Weeks of September 11: Black History/ African Background

Image: the sankofa bird, an Adinkra symbol translating into “return and fetch it”, meaning reaching back to the past for wisdom needed to go forward into the future.

First, a few housekeeping details:

  • Remember that this class doesn’t use Blackboard. Check the course website every week for updates and detailed reading instructions which will appear on this page
  • Get copies of the two required course books if you haven’t done so already. You will need them to do the reading assignments for the rest of the semester. They are on reserve at Lehman’s library. If ordering online, you should order them now so they’ll arrive in time. Details on the books page.
  • Please sign up for the class text message service run by Remind if you haven’t done so yet. Send a text to 81010 with the message “@introaas” to sign up. (Don’t include the quotation marks around the @introaas). If that doesn’t work, send a text with the message “@introaas” to (608)-467-4328. This gives me a simple way to contact the entire class for important updates or emergencies. Ignore this: not using the service anymore.

For Wednesday 9/11:

  • Re-read section 2.6 (“Classical African Studies”). Focus on pp. 54-57, particularly the section on Cheikh Anta Diop.
    • Know why Diop is a significant figure and his intellectual contributions.
    • Also be able to explain Karenga’s reasons for the importance of Egypt and Nile Valley civilization on pp. 56-57
  • New reading: Chapter 3 (Black History/ African Background) in Maulana Karenga’s Introduction to Black Studies (pages 65-101).
    • As usual, start with the Key Terms and Study Questions at the end of the chapter to guide your reading. Focus on the following: the concepts of Maat, sankofa, and Sebait. And the following people: Imhotep and Ptah-hotep.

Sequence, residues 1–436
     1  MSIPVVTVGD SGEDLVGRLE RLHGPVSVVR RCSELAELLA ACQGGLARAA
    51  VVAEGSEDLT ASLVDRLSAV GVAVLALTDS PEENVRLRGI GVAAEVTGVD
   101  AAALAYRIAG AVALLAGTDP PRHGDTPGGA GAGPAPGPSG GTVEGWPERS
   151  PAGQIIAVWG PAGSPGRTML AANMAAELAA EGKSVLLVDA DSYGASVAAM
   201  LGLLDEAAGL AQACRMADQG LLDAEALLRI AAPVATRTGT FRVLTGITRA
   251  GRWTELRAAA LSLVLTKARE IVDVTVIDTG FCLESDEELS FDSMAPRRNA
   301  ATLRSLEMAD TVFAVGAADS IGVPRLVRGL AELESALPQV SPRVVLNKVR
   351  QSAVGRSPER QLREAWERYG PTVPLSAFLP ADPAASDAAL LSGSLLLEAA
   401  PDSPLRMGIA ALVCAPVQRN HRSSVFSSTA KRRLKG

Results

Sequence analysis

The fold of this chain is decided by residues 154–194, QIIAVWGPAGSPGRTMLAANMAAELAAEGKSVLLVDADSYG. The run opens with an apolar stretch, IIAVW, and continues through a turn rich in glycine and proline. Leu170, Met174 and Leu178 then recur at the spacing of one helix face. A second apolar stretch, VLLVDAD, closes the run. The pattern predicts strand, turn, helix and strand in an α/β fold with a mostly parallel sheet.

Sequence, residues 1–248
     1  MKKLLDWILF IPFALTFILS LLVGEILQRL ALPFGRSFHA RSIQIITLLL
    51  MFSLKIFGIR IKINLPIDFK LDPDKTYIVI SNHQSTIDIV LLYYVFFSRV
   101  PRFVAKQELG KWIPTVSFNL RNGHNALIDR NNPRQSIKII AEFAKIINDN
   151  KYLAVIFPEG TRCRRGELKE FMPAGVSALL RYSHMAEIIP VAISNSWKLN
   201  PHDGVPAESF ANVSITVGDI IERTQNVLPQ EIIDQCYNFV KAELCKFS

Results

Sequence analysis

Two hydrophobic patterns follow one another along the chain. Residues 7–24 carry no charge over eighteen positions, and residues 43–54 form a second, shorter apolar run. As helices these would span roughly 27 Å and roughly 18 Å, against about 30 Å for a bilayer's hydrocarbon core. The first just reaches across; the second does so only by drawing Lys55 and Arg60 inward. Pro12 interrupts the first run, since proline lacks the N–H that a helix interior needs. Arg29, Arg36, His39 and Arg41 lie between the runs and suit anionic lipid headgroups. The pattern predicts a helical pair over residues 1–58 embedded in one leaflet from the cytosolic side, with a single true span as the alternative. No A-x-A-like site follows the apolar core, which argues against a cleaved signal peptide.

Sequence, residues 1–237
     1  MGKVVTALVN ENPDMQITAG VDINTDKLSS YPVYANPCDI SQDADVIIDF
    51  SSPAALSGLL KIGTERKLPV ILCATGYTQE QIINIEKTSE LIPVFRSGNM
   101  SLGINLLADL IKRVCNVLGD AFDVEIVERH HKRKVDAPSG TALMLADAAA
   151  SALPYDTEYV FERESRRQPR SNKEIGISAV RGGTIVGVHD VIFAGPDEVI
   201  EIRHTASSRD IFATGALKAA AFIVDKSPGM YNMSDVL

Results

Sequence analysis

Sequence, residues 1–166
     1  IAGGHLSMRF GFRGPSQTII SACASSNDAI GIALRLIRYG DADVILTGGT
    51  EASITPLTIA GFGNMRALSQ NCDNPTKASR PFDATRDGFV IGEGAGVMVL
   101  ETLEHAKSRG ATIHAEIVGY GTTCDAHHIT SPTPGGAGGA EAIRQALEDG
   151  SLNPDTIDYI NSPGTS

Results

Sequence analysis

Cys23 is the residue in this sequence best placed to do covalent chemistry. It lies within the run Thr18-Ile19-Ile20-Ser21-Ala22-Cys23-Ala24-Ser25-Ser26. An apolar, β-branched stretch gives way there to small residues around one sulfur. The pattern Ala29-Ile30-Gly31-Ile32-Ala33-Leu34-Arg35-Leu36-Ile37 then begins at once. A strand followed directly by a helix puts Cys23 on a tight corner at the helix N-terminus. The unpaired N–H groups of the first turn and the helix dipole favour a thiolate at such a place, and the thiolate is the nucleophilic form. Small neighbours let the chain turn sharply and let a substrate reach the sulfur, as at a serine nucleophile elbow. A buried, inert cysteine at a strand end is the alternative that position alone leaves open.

• Read the sections “The Legacy of Egypt” and “The Decline of African Societies” slowly and carefully and take good notes. Connect points from these sections to the sections from Chapter 2 listed above
    • Focus on Critical Thinking questions 2,3 and 5. You don’t have to write out extensive answers, but take brief notes on each. 

Quick highlights from previous class:

  • Covered chapter 1 in Introduction to Black Studies: see my lecture notes for highlights [Update: posted!]
  • Did not get to chapter 2: we’ll start next class with this
  • Dr. Clarke documentary A Great and Mighty Walk: watched second half, almost to the end. Consider sharing the link on social media. Organize a viewing of it with your family, friends, church group, tenants’ association, union chapter, poker group, etc. Show it to other children in your building. Cook some food or order pizza and invite them over to watch–and learn. (If you offer to feed children, they will come–and their parents will appreciate the break!)